HR Departments are facing an array of new challenges since the transition to a post-pandemic working environment.

Human resources firms face the same position filling challenges as other employers: staffing turnover, employee recruiting and retention, finding skilled candidates who are the right fit and maintaining the business culture.

“We have about 40 regular employees in our company, and it’s been a 100% struggle for us, as [it has been] with what other firms are experiencing,” said Tina Hamilton, CEO at myHR Partner Inc., in Bethlehem and offices nationwide. The company provides human resources services to firms that don’t have their own HR departments. She said that since the pandemic, myHR Partner hires up to 100% remote employee positions.

“It was one of the biggest pushes to help us find people easier,” Hamilton said of pivoting the company’s hiring practices and flexible offerings. “The biggest demand is that people want to work remote [positions]. A significant percentage [of workers] have left, or plan to leave their jobs, because they could not return to a remote or hybrid situation,” she explained.

According to an report, companies that are demanding employees return to the office full time “could backfire” and has led to “more worker power and unionization.” Firms with a flexible policy appear poised to do better at attracting and retaining quality talent. “We’ve been fortunate not to have a lot of turnover and have not had to make an internal hire since Covid began,” said Scott Fiore, president of TriStarr Staffing in Manheim Township, Lancaster County.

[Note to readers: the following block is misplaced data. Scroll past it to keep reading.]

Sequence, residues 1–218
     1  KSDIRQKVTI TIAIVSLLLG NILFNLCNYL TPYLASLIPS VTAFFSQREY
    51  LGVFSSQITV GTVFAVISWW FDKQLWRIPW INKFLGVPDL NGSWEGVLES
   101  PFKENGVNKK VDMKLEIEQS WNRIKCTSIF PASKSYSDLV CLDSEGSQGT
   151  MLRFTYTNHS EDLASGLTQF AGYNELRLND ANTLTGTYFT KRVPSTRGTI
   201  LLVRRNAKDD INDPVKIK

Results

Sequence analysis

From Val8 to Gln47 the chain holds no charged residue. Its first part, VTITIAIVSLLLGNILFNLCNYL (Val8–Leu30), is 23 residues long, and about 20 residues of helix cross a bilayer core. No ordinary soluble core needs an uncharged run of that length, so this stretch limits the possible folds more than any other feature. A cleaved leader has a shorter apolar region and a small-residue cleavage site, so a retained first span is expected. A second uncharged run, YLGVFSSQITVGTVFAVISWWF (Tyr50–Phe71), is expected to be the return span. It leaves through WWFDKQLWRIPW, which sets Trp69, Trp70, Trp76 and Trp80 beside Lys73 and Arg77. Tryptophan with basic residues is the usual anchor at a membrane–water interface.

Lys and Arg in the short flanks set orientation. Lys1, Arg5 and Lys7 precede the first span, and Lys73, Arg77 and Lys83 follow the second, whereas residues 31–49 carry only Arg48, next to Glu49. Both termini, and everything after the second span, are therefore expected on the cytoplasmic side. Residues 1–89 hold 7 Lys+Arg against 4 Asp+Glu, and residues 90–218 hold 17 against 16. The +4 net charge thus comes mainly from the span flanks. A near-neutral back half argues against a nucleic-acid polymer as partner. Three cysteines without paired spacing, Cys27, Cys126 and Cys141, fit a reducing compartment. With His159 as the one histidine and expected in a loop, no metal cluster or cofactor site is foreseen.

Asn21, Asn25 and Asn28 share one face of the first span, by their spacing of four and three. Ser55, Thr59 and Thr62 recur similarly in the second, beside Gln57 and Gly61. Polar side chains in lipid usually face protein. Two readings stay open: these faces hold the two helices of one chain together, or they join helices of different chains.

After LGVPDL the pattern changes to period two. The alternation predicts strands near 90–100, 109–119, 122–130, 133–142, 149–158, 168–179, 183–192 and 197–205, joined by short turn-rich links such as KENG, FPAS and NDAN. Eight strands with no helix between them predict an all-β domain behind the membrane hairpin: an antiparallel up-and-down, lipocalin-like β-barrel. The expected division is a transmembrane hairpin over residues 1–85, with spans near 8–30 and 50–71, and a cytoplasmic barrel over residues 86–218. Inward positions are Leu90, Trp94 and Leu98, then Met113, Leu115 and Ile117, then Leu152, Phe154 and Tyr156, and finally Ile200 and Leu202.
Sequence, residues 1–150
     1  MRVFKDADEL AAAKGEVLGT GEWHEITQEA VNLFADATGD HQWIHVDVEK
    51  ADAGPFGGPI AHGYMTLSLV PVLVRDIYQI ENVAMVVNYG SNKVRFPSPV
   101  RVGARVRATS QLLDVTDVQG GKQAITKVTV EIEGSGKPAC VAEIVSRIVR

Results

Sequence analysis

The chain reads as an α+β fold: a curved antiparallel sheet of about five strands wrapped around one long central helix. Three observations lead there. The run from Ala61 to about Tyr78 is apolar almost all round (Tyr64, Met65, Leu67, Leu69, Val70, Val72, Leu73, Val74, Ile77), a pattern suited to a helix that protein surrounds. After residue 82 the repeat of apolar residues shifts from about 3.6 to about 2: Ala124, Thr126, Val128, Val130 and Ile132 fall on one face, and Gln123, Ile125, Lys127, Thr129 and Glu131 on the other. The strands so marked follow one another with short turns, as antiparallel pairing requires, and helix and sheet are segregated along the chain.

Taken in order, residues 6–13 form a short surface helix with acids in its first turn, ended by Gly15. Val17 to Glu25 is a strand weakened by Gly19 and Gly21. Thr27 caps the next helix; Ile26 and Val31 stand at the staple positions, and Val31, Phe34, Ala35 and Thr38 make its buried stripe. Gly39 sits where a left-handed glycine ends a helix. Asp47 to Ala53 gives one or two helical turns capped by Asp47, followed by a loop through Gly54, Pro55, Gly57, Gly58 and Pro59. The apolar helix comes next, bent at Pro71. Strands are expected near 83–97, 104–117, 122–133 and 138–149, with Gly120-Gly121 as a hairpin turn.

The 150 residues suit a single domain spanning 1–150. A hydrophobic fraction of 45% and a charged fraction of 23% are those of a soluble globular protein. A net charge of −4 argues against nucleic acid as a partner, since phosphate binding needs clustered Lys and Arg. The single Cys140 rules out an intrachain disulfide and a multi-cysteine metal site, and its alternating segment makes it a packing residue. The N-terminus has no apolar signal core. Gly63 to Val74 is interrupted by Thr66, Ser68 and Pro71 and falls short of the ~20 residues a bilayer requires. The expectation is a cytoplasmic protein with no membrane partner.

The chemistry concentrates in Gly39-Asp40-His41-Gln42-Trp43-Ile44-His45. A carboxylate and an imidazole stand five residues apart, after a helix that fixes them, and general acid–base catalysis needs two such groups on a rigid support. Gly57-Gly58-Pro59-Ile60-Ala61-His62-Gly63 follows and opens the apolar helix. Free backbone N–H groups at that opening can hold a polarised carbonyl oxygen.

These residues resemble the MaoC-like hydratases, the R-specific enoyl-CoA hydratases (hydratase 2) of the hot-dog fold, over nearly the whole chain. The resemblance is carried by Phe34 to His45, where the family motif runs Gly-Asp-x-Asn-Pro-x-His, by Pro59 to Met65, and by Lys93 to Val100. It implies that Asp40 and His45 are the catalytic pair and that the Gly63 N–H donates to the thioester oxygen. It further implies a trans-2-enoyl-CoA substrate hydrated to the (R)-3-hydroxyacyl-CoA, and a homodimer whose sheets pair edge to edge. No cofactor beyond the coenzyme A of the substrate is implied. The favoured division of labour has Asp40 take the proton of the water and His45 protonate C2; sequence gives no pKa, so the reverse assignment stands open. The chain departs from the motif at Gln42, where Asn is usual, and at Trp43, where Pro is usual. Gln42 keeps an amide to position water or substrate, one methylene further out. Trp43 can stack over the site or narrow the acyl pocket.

Culture matters
Creating and maintaining a family friendly, family first culture allowed Fiore’s team to pivot “and reinvent ourselves as a remote workforce, because we had to” during the pandemic’s beginning in 2020, he said. Listening to employees and being aware of different work arrangements is part of TriStarr’s employment mission.

“After the shutdowns we maintained a hybrid work environment. What we have not done – and what I don’t intend to do – is put hard restrictions on that,” he said. There’s about a 50/50 split between employees working most of the time in the office and those who work remotely. “We set reasonable goals, so people know what they have to do to get [their jobs] done, and we have no secrets and no surprises,” Fiore said. Having technology in place prior to the coronavirus pandemic start in March 2020, allowed TriStarr to quickly shift to working remotely during government mandated shutdowns. “I think part of that [success] is our [company] culture,” he said.

Challenging times
While technology was available before the pandemic a widespread work from home mentality among business leaders and companies was not.

Fiore said Covid was a tipping point for many companies to allow more hybrid and remote work options While he acknowledged firms – even those with strong leadership and flexible working policies – can also have employee turnover, it seems those offering flexible options tend to fare better than those with rigid in office attendance requirements.

“I think the 8 to 5 workday is entrenched, and there is a lot of tension there,” among business leaders and managers, Fiore said. Firms that can emphasize the end results expected from employees – rather than logging hours at a desk – will have a better shot at recruiting and keeping quality talent.

“During Covid established businesses saw it [working remotely] could work. They were forced to accept that reality,” he said.

From on boarding and paperwork completion to simple recruiting tasks technology and automation can be used to help HR firms streamline the process to fill client positions as well as make their own internal hires. Fiore expects automation of routine and repetitive tasks across more business industries and sectors will be the next big change in many workplace environments – including for human resources and staffing firms. “The more you can automate more simple repetitive tasks, the more you can focus your human resources on the more difficult and complex tasks in the business,” he said.